In some cases, the company is using its own trucks, drivers and a fleet of couriers for so-called last mile delivery, the final and most-expensive leg of an order’s trip. Yes, there are a lot of “ifs” here—Amazon hasn’t commented onthe Seattle Times report or reports from Vice or Re/code that it’s hurtling toward big logistics ambitions—but the potential effect would be enormous. The one-hour delivery service Prime Now grew from a test in a few Manhattan zip codes to a service in 16 cities around the country in less than a year with restaurant deliveries also being added. It could take months for Amazon to establish such a fleet, since it typically requires the cargo companies to convert older passenger planes, such as Boeing Co.

The online retailer sets the standard for fast, inexpensive delivery in e-commerce and chief executive officer Jeff Bezos has spent billions of dollars creating a network of warehouses and shipping hubs in 69 cities. Smith also acknowledged that it is hard for some e-commerce companies to manage shipping volume and adopt new strategies because they are growing very fast. For example, they could support Belgium from France and Denmark from a German fulfillment center with these jets.” Time has become one of the most important differentiating factors in e-commerce. As some major brick-and-mortar retailers increase their online presence and offer quick in-store pick-up, the Internet-based Amazon needs to keep pace.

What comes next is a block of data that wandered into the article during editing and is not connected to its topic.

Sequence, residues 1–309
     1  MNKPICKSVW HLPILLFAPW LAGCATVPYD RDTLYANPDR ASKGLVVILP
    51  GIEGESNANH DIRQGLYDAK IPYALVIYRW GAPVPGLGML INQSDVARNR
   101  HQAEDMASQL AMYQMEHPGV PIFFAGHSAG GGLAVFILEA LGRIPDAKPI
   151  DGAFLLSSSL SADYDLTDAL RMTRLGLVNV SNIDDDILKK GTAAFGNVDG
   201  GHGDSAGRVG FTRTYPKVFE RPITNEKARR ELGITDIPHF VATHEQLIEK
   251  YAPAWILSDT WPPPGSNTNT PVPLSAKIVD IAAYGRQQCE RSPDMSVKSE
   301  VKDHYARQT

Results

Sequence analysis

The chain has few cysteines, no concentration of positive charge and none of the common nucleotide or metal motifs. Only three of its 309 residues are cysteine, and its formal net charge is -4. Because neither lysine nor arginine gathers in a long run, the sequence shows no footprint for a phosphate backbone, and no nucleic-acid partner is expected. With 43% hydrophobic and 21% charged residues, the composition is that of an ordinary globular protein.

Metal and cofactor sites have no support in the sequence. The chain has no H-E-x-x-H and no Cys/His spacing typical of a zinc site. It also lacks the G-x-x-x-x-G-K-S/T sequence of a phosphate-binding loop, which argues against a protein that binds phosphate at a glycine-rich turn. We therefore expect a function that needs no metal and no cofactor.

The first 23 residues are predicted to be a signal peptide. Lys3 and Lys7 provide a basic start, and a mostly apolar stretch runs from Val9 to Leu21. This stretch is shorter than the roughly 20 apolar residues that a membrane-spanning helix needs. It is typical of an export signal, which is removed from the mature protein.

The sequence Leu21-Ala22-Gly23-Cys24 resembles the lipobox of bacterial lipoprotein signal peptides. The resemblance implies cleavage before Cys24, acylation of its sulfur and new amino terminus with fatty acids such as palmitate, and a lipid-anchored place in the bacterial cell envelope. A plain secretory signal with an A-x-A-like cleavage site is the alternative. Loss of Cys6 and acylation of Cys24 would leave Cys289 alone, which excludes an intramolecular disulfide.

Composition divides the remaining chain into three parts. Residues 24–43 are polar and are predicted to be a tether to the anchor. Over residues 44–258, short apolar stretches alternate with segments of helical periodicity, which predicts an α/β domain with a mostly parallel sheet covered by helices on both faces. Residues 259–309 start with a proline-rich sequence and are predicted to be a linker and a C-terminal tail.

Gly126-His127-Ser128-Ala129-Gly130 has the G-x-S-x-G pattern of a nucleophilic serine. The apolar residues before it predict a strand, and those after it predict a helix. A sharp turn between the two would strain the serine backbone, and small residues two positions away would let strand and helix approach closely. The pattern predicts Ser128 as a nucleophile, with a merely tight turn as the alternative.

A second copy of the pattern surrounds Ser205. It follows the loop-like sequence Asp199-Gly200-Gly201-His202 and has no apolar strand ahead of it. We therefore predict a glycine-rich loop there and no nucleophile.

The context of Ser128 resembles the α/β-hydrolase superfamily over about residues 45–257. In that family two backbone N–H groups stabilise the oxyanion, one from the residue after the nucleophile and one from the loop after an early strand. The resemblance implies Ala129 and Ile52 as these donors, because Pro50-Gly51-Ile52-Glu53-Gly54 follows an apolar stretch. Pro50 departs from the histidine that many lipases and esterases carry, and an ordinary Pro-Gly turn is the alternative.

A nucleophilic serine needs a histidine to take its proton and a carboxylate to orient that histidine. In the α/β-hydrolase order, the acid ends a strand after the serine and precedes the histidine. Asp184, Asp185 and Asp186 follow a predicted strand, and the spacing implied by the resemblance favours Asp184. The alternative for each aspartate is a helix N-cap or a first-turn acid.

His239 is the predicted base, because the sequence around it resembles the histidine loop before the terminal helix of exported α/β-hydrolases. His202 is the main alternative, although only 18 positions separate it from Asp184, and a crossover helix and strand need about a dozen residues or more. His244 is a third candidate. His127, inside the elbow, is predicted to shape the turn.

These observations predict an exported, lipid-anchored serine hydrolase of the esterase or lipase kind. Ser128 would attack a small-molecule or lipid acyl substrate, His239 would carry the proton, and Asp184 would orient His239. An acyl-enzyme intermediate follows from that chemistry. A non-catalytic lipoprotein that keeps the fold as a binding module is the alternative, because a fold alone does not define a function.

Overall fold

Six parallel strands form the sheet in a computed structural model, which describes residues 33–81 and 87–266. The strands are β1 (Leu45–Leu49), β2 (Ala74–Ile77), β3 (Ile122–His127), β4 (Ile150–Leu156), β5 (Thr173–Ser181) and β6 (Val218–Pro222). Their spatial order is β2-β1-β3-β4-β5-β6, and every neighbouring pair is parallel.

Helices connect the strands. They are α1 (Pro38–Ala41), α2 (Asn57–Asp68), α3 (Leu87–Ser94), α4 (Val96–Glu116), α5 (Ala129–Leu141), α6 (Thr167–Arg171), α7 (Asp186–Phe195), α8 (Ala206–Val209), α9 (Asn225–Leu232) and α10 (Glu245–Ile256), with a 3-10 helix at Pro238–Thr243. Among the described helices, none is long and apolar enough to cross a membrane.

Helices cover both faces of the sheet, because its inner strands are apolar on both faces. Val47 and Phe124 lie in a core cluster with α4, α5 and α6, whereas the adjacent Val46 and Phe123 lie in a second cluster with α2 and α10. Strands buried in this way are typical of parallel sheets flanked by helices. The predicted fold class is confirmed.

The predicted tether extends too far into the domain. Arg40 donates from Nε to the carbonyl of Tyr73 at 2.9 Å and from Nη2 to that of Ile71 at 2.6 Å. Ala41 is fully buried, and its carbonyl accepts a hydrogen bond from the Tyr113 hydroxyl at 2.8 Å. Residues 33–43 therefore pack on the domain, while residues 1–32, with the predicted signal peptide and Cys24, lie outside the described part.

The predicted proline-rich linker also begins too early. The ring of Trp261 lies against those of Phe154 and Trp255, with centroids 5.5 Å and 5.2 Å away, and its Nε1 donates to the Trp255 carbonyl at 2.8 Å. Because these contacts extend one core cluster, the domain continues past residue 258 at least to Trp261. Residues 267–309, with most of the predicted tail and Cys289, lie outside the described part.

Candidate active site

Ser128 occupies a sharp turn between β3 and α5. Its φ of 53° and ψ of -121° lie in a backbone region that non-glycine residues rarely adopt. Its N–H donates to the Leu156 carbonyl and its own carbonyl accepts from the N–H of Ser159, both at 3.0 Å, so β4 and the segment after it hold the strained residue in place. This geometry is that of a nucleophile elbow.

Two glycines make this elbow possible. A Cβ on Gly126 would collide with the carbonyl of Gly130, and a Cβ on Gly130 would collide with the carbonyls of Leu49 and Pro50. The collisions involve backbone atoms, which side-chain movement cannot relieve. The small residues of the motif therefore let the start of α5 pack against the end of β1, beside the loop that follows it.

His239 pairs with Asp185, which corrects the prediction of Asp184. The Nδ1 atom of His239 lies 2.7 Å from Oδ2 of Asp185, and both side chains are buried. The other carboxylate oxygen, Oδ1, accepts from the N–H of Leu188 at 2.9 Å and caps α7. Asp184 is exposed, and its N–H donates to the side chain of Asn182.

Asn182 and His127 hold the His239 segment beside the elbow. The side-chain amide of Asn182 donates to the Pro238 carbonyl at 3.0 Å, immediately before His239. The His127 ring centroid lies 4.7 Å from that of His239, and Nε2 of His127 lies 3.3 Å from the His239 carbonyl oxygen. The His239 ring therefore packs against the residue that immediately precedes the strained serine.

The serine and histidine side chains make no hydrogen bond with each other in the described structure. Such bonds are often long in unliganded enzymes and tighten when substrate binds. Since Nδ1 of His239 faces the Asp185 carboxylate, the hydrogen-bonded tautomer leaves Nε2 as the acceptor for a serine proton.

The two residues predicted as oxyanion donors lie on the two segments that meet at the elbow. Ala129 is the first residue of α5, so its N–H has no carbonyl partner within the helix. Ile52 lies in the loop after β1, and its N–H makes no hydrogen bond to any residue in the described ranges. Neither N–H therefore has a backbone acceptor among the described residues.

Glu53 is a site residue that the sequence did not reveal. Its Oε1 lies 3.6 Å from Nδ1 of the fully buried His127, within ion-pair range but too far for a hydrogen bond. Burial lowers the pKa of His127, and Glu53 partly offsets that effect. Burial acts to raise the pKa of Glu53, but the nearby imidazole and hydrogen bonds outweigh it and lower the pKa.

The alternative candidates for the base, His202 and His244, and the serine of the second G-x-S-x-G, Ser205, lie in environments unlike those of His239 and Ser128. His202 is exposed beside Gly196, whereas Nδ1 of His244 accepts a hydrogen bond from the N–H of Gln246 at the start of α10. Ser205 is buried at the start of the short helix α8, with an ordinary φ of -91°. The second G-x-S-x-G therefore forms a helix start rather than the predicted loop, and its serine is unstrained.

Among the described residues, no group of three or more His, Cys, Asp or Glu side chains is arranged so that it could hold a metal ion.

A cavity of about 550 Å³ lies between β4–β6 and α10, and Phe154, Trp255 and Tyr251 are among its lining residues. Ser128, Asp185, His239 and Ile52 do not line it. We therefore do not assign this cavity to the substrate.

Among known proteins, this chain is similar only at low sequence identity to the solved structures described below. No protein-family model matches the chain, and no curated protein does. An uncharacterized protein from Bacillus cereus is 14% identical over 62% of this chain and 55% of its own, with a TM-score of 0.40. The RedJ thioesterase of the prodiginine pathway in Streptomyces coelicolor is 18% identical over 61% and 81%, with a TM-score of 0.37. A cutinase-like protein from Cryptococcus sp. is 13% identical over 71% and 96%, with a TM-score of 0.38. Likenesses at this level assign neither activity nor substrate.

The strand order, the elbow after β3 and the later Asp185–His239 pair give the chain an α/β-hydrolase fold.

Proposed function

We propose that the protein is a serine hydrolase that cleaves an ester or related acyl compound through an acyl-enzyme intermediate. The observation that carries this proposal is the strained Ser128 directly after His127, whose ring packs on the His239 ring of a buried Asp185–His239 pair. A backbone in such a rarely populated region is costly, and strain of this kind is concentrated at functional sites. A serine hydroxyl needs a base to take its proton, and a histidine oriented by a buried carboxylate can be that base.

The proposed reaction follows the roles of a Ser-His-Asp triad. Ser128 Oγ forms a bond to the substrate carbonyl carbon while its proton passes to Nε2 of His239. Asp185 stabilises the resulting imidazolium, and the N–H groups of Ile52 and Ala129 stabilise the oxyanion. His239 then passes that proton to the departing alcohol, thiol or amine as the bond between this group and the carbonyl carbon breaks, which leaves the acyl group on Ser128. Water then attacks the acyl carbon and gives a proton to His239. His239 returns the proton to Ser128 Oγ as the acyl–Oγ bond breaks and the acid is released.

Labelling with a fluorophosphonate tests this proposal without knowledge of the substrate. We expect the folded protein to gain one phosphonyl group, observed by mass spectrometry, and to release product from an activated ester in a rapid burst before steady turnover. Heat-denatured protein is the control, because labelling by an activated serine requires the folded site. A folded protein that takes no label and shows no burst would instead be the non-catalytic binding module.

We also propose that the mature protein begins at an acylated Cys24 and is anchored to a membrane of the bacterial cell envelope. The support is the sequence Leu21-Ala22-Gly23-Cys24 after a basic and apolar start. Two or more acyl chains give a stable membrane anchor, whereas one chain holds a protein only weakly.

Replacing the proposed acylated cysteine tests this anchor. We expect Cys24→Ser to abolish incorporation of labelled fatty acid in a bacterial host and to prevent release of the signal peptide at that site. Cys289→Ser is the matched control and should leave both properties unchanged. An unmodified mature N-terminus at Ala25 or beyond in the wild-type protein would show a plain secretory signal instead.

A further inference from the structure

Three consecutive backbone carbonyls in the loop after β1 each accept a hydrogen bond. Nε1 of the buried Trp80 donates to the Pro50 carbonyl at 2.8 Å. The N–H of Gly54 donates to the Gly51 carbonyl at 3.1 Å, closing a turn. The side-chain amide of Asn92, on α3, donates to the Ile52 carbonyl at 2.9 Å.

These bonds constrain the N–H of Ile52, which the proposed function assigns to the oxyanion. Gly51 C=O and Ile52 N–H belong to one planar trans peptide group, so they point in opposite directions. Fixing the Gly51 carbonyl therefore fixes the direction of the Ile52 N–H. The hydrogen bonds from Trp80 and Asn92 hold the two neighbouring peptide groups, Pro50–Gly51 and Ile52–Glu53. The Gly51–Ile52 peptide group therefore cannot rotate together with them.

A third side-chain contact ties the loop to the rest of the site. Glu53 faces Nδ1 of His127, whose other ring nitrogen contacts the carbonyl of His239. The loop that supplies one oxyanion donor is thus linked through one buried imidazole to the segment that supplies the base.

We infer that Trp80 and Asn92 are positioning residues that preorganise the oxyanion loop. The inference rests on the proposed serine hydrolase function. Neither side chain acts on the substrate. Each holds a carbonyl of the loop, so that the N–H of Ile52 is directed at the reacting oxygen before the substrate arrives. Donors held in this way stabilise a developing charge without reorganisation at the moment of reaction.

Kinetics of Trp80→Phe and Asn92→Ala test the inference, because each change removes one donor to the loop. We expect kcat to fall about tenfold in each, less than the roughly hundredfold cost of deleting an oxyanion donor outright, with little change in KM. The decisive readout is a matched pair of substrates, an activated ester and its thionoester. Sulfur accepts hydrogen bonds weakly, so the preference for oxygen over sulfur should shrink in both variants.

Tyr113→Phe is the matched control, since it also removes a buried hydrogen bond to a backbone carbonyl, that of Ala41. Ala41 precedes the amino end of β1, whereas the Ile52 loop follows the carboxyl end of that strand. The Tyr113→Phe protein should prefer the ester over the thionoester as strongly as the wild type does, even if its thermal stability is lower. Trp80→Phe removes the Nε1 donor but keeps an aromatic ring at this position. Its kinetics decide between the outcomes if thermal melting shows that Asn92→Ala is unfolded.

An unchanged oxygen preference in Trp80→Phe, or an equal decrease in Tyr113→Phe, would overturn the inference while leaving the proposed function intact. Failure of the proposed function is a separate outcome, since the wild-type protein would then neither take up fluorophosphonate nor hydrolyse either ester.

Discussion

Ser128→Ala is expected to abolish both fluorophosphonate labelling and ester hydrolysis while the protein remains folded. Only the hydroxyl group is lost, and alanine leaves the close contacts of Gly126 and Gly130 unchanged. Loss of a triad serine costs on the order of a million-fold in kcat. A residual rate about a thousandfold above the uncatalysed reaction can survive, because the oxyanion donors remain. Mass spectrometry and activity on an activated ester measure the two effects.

During an earnings conference call in November, ATSG CEO Joe Hete discussed the trial but did not identify the customer. “The trial ACMI express network that we launched in September for a U.S. customer has been performing well. UPS spokesman Glenn Zaccara declined to comment on Amazon’s plans for an air freight operation. “Amazon is an important customer and we are working hard to help all our customers meet their objectives for growth and customer service,” Zaccara said.

Air delivery is a service few businesses are large enough to handle on their own, but Amazon’s growth and emphasis on logistics makes it an important area for the company to control its costs, said Jarrett Streebin, CEO of EasyPost, a San Francisco company that helps retailers coordinate shipping labels and tracking with delivery companies. Although Air Transport would not confirm the name of its client, it did say that an unnamed company had leased two Boeing 767s from airline ABX and another two from Air Transport. In October, a report from DCVelocity, a trade publication for the logistics industry, said that Amazon had started to hire “high-level” executives to operate the company’s logistics transportation network.